W. H. Press, W. T. Vetterling, S. A. Teukolsky, and B. R. Flannery, Numerical Recipes in C (Cambridge U. Press, Cambridge, 1992).

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Figures (10)

Fig. 1
Fig. 1

Schematic of the experimental setup, with two variants for the detection path. An IR beam generated by the optical parametric amplifier (OPA) is apodized by a variable aperture (A) and imaged onto the entrance pupil of the excitation objective by means of two lenses (L1 and L2). L2 and L3 are the tube lenses of the respective microscope objectives. The distance between the two lenses (d) and the sample position (z) can be varied. The total amount of THG intensity is measured with a photomultiplier tube (PMT), with a filter (F) blocking out the fundamental. Alternatively, the numerical aperture of the THG signal is measured by imaging of the output pupil of the collection objective onto a CCD camera (CCD).

Fig. 2
Fig. 2

Two sample geometries used in the experiments: top, with a single interface, also referred to as bulk–bulk, and bottom, with two interfaces, also referred to as bulk-layer–bulk. Media 1 and 2 are characterized by their refractive indices at the fundamental and tripled frequencies, n(ωf) and n(ωth), respectively, and by their third-order susceptibility χ(3).

Fig. 3
Fig. 3

THG dependence on tube-lens position for a glass–air interface, with 1.25-NA excitation at λf=1.2 µm. (a) THG axial profiles measured at three tube lens positions. (b) FWHM and maximum THG intensity of the THG axial profile as a function of the tube-lens position. (The solid and dashed curves are guides to the eye only.)

Fig. 4
Fig. 4

FWHM of THG axial profiles from a glass–air interface as a function of input NA (fundamental). Solid line, prediction from Gaussian theory (no fitting parameters). The data represented by the filled circles were obtained with an air objective in the excitation path; the open triangles, with an oil-immersion objective.

Fig. 5
Fig. 5

Dependence of the output NA (THG) on the input NA (fundamental). Open triangles, data obtained with a 63×/1.25-NA (oil-immersion) objective; filled circles, with a 40×/0.65-NA (air) objective in the excitation path. The excitation beam approximately follows a radially flat intensity distribution (hat-profile excitation) at all input NA values.

Fig. 6
Fig. 6

Typical THG axial profiles for the double-interface configuration with either an air gap (left) or an immersion-oil gap (right). The gap is 8 µm thick and is situated between two K5 glass slides. The axial profiles are recorded at different input NA values of 0.25, 0.30, and 0.35 as indicated.

Fig. 7
Fig. 7

Measured (left) and calculated (right) intensity ratios Rpre, Rmid, and Rpost for a double-interface geometry. Gaps are filled with immersion oil or air, as shown. Experimental conditions are given in the text.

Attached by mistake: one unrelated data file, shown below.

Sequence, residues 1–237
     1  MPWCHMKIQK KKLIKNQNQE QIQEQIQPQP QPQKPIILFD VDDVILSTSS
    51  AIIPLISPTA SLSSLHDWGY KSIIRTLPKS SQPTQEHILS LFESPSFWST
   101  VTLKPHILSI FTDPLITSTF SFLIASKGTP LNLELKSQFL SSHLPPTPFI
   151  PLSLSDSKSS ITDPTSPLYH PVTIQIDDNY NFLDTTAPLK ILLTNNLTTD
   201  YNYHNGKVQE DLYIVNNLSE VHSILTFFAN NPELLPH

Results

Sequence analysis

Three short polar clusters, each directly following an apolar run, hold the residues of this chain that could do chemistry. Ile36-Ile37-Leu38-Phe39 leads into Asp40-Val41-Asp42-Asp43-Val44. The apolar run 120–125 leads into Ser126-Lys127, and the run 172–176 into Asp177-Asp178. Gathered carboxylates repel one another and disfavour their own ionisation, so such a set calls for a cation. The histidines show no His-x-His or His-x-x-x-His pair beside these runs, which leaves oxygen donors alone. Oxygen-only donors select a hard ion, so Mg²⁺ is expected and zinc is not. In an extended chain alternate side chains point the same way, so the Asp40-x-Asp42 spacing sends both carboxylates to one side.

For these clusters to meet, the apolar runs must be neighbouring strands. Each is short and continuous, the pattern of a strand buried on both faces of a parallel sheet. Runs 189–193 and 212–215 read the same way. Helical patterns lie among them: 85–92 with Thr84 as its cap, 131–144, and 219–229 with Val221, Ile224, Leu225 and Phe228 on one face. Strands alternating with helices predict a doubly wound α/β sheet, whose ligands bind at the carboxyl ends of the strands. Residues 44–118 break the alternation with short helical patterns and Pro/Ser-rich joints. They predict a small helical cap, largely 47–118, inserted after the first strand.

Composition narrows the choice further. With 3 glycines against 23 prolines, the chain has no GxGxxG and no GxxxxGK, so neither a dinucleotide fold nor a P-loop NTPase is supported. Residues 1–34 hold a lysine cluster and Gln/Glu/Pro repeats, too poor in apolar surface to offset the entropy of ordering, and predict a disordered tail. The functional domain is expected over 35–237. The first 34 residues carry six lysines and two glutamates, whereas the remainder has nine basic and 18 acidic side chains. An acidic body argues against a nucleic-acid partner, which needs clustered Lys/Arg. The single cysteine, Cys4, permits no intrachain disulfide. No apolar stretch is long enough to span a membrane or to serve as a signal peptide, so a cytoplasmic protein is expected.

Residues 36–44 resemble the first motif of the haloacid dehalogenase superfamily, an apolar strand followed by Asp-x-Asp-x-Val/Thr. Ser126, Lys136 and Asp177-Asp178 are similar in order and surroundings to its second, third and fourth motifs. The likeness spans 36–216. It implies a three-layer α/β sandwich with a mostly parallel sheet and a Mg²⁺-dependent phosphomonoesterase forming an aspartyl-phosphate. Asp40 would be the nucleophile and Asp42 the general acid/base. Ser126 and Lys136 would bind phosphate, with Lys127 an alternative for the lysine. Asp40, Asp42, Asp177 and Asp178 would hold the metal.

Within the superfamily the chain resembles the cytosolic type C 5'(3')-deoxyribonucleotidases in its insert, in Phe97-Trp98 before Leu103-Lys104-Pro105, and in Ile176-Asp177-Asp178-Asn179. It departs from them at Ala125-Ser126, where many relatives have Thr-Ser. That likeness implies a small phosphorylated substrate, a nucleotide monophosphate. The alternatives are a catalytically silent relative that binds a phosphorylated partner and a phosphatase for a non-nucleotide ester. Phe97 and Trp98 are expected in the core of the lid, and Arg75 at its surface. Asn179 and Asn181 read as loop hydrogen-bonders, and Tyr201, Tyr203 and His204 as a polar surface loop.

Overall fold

Fig. 8
Fig. 8

Calculated THG conversion efficiencies as a function of NA of the excitation beam for four values of the third-order susceptibility ratio χgap(3)/χglass(3). For all traces, Δngap=-0.022 and Δnglass=-0.032.

Fig. 9
Fig. 9

Visibility of a stack consisting of 100 layers, each 0.5 µm thick, with focusing in the middle. Visibility is defined here as the absolute logarithm of the ratio between the yield for focusing on an interface to that for focusing halfway between the interfaces. The dispersion ratio is defined as Δngap/Δnglass, where Δnglass=-0.032 and the susceptibility ratio is χgap(3)/χglass(3).

Fig. 10
Fig. 10

Calculated gradient sensitivity (width of the THG axial profile at high NA) as a function of gradient extension between two different bulk materials. Two situations are displayed: Dashed curve, the materials have equal third-order susceptibility [χ1(3)=χ2(3)] but unequal dispersion (Δn1=-0.022 and Δn1=-0.032); solid curve, the two materials have equal dispersion (Δn1=Δn2=-0.032) but differ in third-order susceptibility [χ1(3)=4χ2(3)].

Equations (23)

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2ikfz+2x2+2y2Ef (r)
=0,
2ikthz+2x2+2y2Eth(r)
=-4πωthc2χ(3)Ef3(r)exp(iΔkz).
kf=2πn(ωf)λf,
kth=2πn(ωth)λth,
Δk=3kf-kth=6πΔnλf,
E(r, t)=exy{Ef (r)exp[i(kf z-ωf t)]+Eth(r)exp[i(kthz-ωtht)]+c.c.}.
Ef (r)=ηAf exp-ηkf r22zRn,
Eth(r)=ηAth(z)exp-3ηkf r22zRn,
η(z)=11+iz/zRn,
Ath(z)=2πiωthχ(3)Af3S(z)nthc,
S(z)=z η2(ξ)exp(iΔkξ)dξ.
|S(z0)|2=z0 η2(ξ)dξ2=zRn21+(z0/zRn)2,
|S(z0)|2=η2(z0)exp(iΔkz0)z0z0+Δζ dξ2=Δz1+(z0/zRn)22,
Δϕ=Δk1n1(ωf)zif-Δk2n2(ωf)zif.
S(z)=j exp(iΔϕj)qjrj dξexp(iΔkjξ)(1+iξ/zR,j)2,
qj+1nj+1(ωf)=rjnj(ωf),
rj-qj=layerthickness,
Δϕj+1-Δϕj=Δkjrj-Δkj+1qj+1.
Rpre=ITHG(-L/4)ITHG(0),
Rpost=ITHG(+L/4)LTHG(0),
Rmid=ITHG(+L/2)ITHG(0).